SIMON AND LISA THOMAS travel through the heart of Australia along the unforgiving Outback Way on one of the toughest yet enthralling rides of their lives
I want to do a big ride,” I commented to Lisa. “I need some dirt, sand, raw beauty, and a little danger. Just enough to shake me up a little,” I continued naively. I should have known better. We’re perched on the north-east coast of the world’s sixth-largest nation and biggest island, Australia. At a petrol station in the small town of Mackay, Lisa tops off the fuel tanks while I check the bikes over. Nearby, the Coral Sea pounds the beach as a stream of boats head out to the Great Barrier Reef. At $250 (£137) per person, the excursion is beyond our budget.
The air carries a salty tang. A warm dry breeze lulls our senses, but it does little to distract me from the knot of anxious excitement growing in my stomach. Ahead is a long and unforgiving route called The Outback Way. It’s known as the world’s longest shortcut because it takes you on a direct route across the heart of the country, rather than following the main roads closer to the coast.
Our journey will see us ride more than 3,000 miles, taking in vast, uninhabited desert and extremely challenging terrain, as we traverse this mammoth country from coast to coast diagonally. We’re here to motorcycle the real Australia, the primeval interior where walkabout legends take root in the blood-red earth, and the land whispers to those who listen. We’re headed into the outback.
As we ride away from Mackay, Lisa’s BMW F 650 GS belts out a hefty blat, blat, blat as she eases off the gas, applies the brakes, and pulls to a stop. Six large kangaroos leap in unison across the Peak Downs Highway. The large male at the rear throws us a suspicious stare before disappearing into the tall grass on the other side. “We’re going to have to be very careful of this particular hazard,” I yell to Lisa.
We’re looking at a straight piece of tar that stretches out of sight. Fields of sun-bleached brush grass stretch out under a cloudless sky. After heading west for five hours, we meet the Gregory Development Road and turn south, grateful for the interruption. In the small town of Clermont, we cruise the short main street and stop to refill our water packs. We’re already parched.
The quaint, wooden-decked provisions store looks like it hasn’t changed in decades. Inside, the beaten ‘50’s Coca-Cola fridge is overflowing with chilled bottled water. Handing over our cash, we quickly fill our water sacks.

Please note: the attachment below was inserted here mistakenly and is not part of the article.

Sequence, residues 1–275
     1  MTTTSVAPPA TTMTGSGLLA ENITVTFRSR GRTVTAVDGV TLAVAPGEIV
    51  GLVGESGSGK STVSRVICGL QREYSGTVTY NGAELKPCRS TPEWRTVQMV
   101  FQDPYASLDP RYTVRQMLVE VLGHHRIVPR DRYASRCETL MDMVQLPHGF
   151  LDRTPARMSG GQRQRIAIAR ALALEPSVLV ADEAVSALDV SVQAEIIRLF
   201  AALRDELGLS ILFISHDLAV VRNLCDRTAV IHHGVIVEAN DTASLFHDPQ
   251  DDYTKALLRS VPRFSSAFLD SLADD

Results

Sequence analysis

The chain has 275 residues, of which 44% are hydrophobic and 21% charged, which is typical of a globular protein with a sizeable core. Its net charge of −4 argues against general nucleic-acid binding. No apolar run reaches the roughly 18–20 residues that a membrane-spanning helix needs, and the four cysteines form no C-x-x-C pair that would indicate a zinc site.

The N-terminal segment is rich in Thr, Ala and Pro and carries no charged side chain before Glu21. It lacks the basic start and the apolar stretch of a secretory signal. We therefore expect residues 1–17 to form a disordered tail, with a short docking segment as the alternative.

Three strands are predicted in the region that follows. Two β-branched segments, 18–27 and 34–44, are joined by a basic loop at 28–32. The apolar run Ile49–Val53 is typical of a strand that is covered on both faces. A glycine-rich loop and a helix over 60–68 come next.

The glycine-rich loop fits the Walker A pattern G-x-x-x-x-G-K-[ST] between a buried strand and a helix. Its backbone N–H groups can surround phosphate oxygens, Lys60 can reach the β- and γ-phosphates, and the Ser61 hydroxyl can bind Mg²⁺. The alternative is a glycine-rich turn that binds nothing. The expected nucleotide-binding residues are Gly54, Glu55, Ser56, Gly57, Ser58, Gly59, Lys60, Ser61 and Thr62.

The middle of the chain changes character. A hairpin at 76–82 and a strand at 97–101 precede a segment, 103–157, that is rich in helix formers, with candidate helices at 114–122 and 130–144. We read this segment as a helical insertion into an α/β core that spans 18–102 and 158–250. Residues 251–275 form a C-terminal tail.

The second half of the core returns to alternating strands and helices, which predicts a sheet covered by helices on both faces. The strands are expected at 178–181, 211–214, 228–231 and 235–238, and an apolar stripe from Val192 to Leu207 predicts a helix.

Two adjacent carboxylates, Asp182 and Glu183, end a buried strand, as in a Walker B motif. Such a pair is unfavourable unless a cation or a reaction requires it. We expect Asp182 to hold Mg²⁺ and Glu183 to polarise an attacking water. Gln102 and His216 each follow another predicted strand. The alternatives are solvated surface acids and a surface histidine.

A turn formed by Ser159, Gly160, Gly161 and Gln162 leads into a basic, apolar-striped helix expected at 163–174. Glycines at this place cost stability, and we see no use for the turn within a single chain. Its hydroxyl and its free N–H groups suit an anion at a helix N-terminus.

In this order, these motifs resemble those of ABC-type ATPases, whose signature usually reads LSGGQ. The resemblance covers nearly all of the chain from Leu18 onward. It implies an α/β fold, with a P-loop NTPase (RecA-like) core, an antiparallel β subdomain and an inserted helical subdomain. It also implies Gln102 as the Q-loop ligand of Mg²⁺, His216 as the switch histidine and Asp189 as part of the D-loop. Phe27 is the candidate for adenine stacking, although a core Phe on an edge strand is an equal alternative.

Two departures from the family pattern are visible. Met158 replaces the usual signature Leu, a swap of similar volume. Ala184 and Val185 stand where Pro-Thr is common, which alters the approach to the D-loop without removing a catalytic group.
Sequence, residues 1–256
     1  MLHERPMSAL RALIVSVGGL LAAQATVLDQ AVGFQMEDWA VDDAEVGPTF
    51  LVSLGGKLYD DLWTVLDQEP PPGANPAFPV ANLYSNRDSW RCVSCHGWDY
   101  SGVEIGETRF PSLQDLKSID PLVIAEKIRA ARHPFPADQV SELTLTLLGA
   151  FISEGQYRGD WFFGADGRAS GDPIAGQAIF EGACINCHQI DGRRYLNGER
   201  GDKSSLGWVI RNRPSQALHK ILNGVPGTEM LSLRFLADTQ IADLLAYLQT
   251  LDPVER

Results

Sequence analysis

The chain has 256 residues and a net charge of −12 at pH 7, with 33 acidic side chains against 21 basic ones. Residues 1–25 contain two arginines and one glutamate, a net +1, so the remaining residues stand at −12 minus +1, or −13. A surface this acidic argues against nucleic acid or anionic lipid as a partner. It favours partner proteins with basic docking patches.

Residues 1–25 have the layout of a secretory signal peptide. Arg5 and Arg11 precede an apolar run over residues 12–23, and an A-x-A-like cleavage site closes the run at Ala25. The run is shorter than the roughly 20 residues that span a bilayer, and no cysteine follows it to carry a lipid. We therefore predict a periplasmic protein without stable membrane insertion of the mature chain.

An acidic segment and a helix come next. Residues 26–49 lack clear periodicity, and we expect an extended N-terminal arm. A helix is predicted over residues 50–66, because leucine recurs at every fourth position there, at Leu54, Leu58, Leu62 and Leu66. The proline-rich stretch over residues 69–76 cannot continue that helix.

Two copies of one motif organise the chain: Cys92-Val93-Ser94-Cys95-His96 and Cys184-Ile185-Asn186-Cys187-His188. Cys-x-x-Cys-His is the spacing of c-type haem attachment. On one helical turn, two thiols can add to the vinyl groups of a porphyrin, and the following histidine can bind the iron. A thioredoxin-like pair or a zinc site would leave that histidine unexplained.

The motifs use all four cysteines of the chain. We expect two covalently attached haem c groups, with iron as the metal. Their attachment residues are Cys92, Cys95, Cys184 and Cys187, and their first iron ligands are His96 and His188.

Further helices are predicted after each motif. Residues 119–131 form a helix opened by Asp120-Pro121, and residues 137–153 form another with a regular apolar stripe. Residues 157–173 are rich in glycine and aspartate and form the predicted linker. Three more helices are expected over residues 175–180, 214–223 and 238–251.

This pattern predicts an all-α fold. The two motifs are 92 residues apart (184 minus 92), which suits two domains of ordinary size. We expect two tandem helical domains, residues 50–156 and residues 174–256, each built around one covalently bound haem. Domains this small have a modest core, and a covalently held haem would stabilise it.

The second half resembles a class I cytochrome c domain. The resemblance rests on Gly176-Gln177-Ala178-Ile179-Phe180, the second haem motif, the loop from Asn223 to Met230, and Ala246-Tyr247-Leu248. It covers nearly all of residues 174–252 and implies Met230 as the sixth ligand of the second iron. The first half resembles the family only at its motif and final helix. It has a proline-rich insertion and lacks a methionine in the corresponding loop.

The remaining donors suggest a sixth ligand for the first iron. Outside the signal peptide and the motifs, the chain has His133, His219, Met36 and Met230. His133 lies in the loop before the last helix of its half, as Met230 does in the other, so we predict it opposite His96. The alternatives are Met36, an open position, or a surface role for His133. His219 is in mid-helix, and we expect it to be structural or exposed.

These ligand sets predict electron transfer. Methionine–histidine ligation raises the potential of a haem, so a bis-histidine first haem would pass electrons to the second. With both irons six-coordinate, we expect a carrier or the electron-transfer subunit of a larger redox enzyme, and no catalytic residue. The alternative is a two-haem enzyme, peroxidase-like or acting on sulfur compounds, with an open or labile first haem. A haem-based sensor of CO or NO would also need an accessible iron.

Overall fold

Jim, a long-distance trucker sporting a thick dusty beard, ancient jeans, and a faded orange safety shirt, is hanging around in the heat outside.
“Struth mate. You’re ready for an adventure, eh?” asks the inquisitive truckie pointing to the motorcycles.
“We’re riding down to Perth across the outback,” Lisa answers.
“You be careful out there. That place wants ya dead. Ah, heck, young fella, good on ya. Mind the roos. Ya’ll be right,” Jim adds with a dry chuckle.
“I think we’ve just met Crocodile Dundee’s dad,” Lisa comments to me with a smile.
The Outback Has Teeth
West of town, the tar ends abruptly with a thump as we drop down to the loose gravel track. With our tyre pressures lowered, we pick up speed. Stood on the pegs, I squeeze the throttle and my rear wheel drifts out before I straighten for the next long left.
For two hours we ride glass gravel, which looks like millions of shiny ball-bearings, and the air becomes pungent as we speed through a grove of silver-barked eucalyptus trees. Clearing the trees, I plough into a deep wash of dust and rocks and instantly shift my weight to compensate. In my mirror, I can see Lisa’s bike is sideways, her rear wheel sliding out violently. In a split second, she’s thrown forward as her 650 GS high sides before smacking the ground hard and flipping. Lisa’s pinned under the front left fuel tank. Adrenaline pumps as I spin around and rush back to her.
Lisa’s yelling as fuel erupts from a split line, drowning her helmet, goggles, and eyes in burning gasoline. She kicks herself free, yanks off her helmet, and pours our recently bought water over her face and into her bloodshot eyes. We lift the bike upright and instantly spot that the punctured rear tyre is partially peeled off the rim.
While Lisa continues to flush out her eyes, I straighten her bent gear shifter and reattach her broken handguard with a zip tie. She’s shaken but otherwise OK. It’s another 50 minutes before we’re clicking through the gears and once again cruising west.
Later, camped near the tiny outback settlement of Alpha, the embers from our small campfire glow red and we’re witnessing one of the most brilliant star-filled skies we can remember. The Aussie outback has given us fair warning of both the danger and natural wonders to come on this journey.
Patches, Potholes, And Parks
We joined the Landsborough Highway, a long, worn stretch of asphalt, three hours ago. As we cruise northwest, we form a new plan. We’ll aim to reach the Central West Queensland town of Winton where we can get a new tyre for Lisa. We only hope the three heavy patches holding it together will last until then.
On the north of town, we set up camp at the Matilda Country Tourist Park. Across the road, Steve, the local tyre guy, pulls out a very used but rideable Conti TKC 80. Lisa’s grin is a sure sign of her approval and Steve jokes about my repair as he mounts the new rubber to the rim.